Posted by: Sarah | October 20, 2006

no es mas que un reflejo de mis pensamientos…

I finally made it home Wednesday morning, a day later than planned, but more well-rested than expected. Cancelled buses in this country no longer surprise me, and it was nice to have an excuse to spend an extra day in Medellín winding down from an intense week. Attending another AIESEC conference here in Colombia was great; stretching it into an 8-day vacation to travel around Antioquia made it even better.

Even though TDM was a regional conference and I *technically* should have been in Santa Marta for the weekend, I applied to the conference in the West Zone, the farthest one from the coast. It was an excuse to see another city that I had heard so many great things about (yay Manizales!), but even more than that, it was an excuse to spend some time with some of my best friends in Colombia.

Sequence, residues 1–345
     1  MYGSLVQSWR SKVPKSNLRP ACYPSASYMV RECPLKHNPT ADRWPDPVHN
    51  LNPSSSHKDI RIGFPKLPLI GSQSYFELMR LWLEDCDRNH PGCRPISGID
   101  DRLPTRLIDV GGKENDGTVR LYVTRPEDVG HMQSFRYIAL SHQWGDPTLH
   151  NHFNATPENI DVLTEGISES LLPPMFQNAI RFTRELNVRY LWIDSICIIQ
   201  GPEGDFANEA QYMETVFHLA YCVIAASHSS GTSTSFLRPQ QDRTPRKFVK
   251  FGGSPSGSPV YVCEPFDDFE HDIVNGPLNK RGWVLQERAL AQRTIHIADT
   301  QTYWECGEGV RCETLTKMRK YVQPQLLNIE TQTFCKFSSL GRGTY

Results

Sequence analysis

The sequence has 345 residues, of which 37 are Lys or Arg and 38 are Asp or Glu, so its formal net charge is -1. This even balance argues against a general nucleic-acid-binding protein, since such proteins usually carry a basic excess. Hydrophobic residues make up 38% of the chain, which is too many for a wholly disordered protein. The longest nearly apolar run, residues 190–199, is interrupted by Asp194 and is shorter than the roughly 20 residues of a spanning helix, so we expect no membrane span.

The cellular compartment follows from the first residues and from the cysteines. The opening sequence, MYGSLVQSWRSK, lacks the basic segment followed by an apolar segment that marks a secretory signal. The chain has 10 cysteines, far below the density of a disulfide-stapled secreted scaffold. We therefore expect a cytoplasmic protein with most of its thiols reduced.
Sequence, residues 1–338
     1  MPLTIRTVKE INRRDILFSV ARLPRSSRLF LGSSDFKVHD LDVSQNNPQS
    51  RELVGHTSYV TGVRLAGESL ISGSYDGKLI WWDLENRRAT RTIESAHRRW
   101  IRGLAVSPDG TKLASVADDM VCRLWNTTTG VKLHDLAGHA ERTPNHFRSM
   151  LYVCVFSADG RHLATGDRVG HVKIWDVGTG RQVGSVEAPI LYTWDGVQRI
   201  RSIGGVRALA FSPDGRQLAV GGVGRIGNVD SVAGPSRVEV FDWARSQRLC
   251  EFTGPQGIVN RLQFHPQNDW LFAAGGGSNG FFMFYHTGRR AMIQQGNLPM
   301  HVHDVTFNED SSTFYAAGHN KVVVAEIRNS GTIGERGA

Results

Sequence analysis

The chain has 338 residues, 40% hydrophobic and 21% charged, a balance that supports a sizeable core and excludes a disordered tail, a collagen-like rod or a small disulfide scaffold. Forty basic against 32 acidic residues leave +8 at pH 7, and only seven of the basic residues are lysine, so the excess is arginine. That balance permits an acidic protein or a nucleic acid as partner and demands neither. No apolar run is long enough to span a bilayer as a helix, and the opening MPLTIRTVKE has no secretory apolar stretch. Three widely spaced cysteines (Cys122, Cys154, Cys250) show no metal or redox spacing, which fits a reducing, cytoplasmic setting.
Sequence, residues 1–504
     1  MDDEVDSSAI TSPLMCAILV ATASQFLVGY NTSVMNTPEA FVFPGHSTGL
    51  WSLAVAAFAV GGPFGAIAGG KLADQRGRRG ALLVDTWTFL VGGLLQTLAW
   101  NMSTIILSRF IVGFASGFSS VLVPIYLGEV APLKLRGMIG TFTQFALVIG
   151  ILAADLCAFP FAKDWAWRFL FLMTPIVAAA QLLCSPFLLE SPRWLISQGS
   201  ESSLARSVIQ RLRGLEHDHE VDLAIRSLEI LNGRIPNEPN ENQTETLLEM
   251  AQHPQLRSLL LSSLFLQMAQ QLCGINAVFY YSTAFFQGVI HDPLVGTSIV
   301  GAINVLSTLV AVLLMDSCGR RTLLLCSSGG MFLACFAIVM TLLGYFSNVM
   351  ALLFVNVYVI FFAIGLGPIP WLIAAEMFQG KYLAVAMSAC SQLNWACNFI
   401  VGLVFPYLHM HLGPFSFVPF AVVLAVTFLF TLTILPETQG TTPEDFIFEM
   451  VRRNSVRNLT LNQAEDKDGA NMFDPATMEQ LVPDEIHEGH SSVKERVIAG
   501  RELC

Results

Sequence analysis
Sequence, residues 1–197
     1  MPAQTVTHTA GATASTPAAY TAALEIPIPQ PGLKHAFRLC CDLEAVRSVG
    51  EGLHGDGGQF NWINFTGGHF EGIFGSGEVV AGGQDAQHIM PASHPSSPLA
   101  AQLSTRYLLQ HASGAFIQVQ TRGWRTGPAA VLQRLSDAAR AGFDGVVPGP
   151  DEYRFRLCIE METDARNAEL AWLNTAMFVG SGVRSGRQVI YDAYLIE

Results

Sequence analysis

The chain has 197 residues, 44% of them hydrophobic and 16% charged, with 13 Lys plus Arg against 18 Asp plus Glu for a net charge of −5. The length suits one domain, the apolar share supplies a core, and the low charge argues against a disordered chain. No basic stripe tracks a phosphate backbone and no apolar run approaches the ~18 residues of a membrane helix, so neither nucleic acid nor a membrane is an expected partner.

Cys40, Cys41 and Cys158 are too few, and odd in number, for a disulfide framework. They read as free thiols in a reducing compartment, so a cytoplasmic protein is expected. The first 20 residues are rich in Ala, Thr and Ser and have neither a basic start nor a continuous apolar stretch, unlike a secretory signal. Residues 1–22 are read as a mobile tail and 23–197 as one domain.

Even though my entire being in Colombia goes back to AIESEC, I had been feeling lately as if something was missing from my life…AIESEC. The people who I hang out with and the work I do on a daily basis are great, but they are completely removed from AIESEC. It may sound ridiculous (well, at least to non-@ers), but I started to realize how much I missed having people around me in my day-to-day life who are as passionate about AIESEC as I am. Granted, so many of my friends at home didn’t understand exactly why it was such a huge deal to me, but the more that I threw myself into the org. last year, the more I found myself surrounded with @ people. It has taken awhile for me to figure out exactly how AIESEC still fits into my life now that I am no longer an active member of an LC or surrounded by a team working toward similar goals…which is how I found myself on the International Opportunities Specialist team of AIESEC US. It has become a perfect transition from the work that I did last year working with trainee reception, event planning, and attending AXLDS to my life here in Colombia. Since I returned from Colombia, everyone around me knew that I wouldn’t stop talking about the country. I wanted a chance to share what I had discovered with more people…and now I can. I have tons of work ahead of me, but the more I do, the more ideas I come up with and I am ready to take the project on.